The opening of Jamie Foxx-Gerard Butler starrer “Law Abiding Citizen” is a victory for independent companies — in this case, Overture Films and the Film Department — seeking mainstream success in a brutal environment for the indie film biz.
While arthouse titles are fueled by word of mouth campaigns, a commercial title like “Citizen” needed broad, mainstream marketing. Many in Hollywood say Overture’s campaign sealed the deal in attracting a male-driven audience evenly divided among blacks, Latinos and Caucasians.
“Citizen” launched to $21 million at the domestic box office last weekend and has seen strong weekday biz, with a cume of $26.1 million through Wednesday.
The vigilante thriller was No. 1 on Tuesday, beating Paramount’s “Paranormal Activity.” “Paranormal” pulled ahead on Wednesday, however.
“Law Abiding Citizen” marked Overture’s biggest bow to date, besting its previous top opener, “Righteous Kill” ($16.3 million). Overture, formed three years ago by Chris McGurk and Danny Rosett and backed by John Malone’s Liberty Media, has drawn attention with arthouse fare, most notably “The Visitor,” but until now hadn’t enjoyed big commercial success on the level of Summit Entertainment, which struck gold with “Twilight.”
While Overture put up the print and marketing spend, and also distributes the movie, Mark Gill and Neil Sacker’s Film Department fully financed and produced “Citizen.” The project had its ups and downs, including one director walking away and nervousness among Film Department investors (“Citizen” cost $53 million to produce).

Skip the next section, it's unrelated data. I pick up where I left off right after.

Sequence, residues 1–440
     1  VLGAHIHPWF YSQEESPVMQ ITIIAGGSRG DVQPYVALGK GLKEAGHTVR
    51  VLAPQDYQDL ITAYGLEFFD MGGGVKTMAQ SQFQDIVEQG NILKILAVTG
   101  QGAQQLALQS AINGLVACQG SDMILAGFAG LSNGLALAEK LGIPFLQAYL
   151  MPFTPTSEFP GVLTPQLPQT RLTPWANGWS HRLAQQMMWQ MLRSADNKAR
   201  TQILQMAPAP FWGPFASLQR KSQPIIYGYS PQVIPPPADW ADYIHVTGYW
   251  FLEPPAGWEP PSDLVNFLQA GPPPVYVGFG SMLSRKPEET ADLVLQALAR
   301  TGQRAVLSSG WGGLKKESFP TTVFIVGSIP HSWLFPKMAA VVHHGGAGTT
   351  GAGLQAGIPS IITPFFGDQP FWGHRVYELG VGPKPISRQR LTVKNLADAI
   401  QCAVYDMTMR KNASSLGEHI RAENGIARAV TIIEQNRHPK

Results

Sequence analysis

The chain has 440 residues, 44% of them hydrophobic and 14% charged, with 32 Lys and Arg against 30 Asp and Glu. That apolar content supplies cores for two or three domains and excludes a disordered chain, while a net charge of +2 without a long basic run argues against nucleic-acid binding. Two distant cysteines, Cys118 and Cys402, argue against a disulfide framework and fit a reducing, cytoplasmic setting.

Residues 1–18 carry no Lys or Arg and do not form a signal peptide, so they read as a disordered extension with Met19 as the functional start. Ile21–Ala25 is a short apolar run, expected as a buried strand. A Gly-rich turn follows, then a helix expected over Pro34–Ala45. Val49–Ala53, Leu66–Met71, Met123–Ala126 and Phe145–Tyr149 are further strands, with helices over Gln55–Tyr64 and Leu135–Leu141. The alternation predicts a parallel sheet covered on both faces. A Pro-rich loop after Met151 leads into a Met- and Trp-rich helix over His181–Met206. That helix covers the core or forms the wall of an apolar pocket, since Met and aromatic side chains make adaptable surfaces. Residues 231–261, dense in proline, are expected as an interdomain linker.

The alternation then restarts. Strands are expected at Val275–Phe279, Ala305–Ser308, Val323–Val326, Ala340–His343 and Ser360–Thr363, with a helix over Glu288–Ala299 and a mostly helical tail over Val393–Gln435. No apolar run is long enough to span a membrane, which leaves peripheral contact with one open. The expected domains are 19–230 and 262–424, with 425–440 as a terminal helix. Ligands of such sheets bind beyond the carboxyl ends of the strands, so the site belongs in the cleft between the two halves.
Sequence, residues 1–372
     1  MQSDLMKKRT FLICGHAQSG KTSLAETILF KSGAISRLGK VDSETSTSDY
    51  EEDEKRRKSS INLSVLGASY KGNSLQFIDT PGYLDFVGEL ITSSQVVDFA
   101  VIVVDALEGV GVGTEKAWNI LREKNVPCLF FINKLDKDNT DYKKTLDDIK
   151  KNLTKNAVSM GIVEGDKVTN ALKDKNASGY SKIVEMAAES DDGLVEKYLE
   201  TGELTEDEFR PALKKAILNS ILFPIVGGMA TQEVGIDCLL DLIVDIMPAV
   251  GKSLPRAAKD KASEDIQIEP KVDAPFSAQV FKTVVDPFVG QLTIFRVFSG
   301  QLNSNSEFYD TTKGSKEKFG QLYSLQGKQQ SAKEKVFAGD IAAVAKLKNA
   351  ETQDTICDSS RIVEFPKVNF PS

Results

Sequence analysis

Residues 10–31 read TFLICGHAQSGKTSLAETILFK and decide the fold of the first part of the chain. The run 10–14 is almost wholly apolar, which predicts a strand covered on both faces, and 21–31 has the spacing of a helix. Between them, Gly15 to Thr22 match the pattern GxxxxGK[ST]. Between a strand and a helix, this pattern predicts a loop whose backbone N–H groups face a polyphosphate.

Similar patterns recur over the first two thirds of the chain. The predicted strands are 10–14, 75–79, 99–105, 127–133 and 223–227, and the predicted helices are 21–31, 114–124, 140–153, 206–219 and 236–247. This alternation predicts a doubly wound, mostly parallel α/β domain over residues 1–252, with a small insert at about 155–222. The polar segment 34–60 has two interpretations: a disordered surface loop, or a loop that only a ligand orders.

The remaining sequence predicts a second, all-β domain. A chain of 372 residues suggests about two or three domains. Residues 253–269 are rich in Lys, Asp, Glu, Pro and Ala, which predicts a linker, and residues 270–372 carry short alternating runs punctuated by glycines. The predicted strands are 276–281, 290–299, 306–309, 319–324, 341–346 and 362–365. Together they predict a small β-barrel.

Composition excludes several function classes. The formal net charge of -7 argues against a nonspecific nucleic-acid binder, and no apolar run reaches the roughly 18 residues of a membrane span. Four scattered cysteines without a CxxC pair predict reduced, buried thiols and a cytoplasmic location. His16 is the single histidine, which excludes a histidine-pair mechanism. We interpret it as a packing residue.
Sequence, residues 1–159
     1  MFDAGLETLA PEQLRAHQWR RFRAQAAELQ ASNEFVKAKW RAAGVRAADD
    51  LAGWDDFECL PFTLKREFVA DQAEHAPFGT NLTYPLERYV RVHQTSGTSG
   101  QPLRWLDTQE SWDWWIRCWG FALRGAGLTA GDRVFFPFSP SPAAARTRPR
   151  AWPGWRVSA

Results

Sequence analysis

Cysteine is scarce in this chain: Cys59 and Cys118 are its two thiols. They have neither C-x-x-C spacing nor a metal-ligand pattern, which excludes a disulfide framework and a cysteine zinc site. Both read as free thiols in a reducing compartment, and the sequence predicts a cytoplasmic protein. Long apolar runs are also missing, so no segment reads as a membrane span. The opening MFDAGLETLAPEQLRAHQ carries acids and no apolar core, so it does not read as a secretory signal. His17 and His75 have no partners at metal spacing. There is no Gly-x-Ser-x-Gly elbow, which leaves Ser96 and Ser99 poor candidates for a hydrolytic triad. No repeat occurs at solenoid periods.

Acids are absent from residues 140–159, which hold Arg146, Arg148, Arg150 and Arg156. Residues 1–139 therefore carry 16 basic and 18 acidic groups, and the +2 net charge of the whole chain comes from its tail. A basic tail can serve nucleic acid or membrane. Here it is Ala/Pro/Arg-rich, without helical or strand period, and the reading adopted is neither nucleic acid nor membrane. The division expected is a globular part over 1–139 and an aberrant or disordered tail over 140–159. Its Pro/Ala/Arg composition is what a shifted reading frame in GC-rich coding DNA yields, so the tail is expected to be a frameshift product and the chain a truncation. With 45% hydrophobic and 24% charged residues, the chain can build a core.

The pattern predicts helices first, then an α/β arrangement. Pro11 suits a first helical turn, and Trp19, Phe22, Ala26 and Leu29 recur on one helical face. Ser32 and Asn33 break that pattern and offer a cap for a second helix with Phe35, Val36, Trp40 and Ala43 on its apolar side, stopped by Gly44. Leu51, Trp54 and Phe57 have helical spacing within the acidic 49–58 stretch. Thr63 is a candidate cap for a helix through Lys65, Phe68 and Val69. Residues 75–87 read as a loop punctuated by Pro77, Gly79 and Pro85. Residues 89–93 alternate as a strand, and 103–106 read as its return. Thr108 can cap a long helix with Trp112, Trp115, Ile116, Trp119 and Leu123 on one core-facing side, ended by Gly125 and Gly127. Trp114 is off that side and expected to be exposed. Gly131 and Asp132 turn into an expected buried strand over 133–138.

Overture and the Film Department credit the film’s producers, who include Butler, Alan Siegel, Robert Katz, Lucas Foster, Kurt Wimmer and Gill, with bringing the project to fruition.
Foxx, who has a loyal following, was tireless in promoting the film, even playing a trailer for the pic during his concert tour for his third studio album, “Intuition.”
Overture prexy of worldwide theatrical marketing Peter Adee said the company targeted the male action crowd with a campaign that included media buys on baseball playoffs, football and other sports.
The strong bow of “Citizen,” directed by F. Gary Gray and written by Kurt Wimmer, was a surprise because of the crowded playing field, including other wide entries (Warner Bros.’ “Where the Wild Things Are” and Sony’s “The Stepfather”) and the expansion of “Paranormal Activity.”
However, the marketplace expanded by 38%, delivering the highest domestic box office grosses on record for an October weekend. Overture and other distribs are hoping the appetite for film continues this weekend as five nationwide releases debut.